Conservationist blames fishing practices for low salmon run numbers; DFO disagrees
Fisheries official says 2018 saw a ‘reasonably good return’ despite low numbers
The number of sockeye salmon that made it up the Fraser River last fall was lower than originally predicted, prompting a conservation group to blame the federal fisheries regulator for allowing the area to be overfished.
"This year, it was the lowest run or spawning return they've seen on record on this cycle," Greg Taylor told CBC Radio's Daybreak Kamloops host Shelley Joyce.
"They were very disappointing," said Taylor, a senior fisheries advisor for the Watershed Watch Salmon Society.
High estimates, low returns
The Fraser River Panel, a joint Canada-U.S. panel, determines the number of salmon fishermen can catch during salmon spawning season based on estimates provided by Fisheries and Oceans Canada (DFO).
Last year, DFO's estimate that six million salmon would return to the Fraser River overestimated the late-summer run by 30 per cent, said a press release from the Watershed Watch Salmon Society.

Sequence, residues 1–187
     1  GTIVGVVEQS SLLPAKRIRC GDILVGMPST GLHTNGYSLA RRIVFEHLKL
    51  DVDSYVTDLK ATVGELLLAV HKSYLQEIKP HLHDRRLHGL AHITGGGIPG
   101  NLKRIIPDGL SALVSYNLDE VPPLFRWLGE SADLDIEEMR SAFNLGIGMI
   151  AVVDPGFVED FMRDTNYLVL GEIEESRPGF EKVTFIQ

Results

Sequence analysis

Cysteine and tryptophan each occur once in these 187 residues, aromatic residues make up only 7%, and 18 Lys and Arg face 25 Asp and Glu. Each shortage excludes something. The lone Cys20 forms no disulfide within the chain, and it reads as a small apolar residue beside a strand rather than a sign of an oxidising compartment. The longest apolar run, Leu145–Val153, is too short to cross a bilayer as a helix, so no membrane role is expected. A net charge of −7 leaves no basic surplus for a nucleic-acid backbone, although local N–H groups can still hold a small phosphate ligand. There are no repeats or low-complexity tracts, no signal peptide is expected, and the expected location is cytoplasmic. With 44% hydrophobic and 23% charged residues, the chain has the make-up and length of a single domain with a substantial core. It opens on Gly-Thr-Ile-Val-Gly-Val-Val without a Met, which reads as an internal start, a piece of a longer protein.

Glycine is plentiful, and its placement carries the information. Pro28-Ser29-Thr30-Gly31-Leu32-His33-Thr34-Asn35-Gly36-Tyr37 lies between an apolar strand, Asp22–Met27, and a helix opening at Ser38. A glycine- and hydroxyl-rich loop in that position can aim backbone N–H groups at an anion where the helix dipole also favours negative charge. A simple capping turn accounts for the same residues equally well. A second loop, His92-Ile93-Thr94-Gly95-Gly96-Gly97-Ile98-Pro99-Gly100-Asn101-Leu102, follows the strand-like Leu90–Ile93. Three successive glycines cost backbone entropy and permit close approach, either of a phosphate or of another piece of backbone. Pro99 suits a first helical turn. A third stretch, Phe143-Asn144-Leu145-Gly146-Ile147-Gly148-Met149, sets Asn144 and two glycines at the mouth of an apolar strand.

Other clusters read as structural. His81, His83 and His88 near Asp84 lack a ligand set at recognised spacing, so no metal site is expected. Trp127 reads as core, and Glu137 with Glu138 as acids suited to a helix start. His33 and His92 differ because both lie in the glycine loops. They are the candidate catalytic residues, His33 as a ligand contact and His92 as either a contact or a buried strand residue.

But because fishing decisions are based on these estimates, Taylor argued, fisheries officials allowed too many salmon to be harvested.
"They overfished relative to their own goals," he said.
The Adams River was one of the hardest hit areas, Taylor said. DFO data shows 535,564 salmon made it home to spawn, the lowest on record for this cycle.
Listen to the full interview with Greg Taylor here:
A DFO representative told Joyce on Thursday that, while the numbers were lower than predicted, the return numbers were not out of the ordinary.
"We were below our median forecast," Jennifer Nener, director of salmon at DFO, told Taylor on Thursday. "But overall we still had a reasonably good return."
Nener pointed to the "good news" that spawning success rates were very high — 99 per cent as opposed to the average of 89 per cent.
"The fish that did make it to the spawning grounds actually did really well," Nener said.
Nener acknowledged the challenge of predicting salmon numbers, especially those involved in the late run. They are hard to count because they tend to gather at the mouth of the Fraser River as opposed to swimming straight up the river.
Taylor said it makes more sense to count salmon after they arrive near their spawning grounds. That way fisheries managers can determine if there is a surplus before making decisions on allowable catches.
"There is huge uncertainty in estimating these runs," said Taylor. "We have to take a much more precautionary approach."
Listen to the full interview with Jennifer Nener here:
With files from Daybreak Kamloops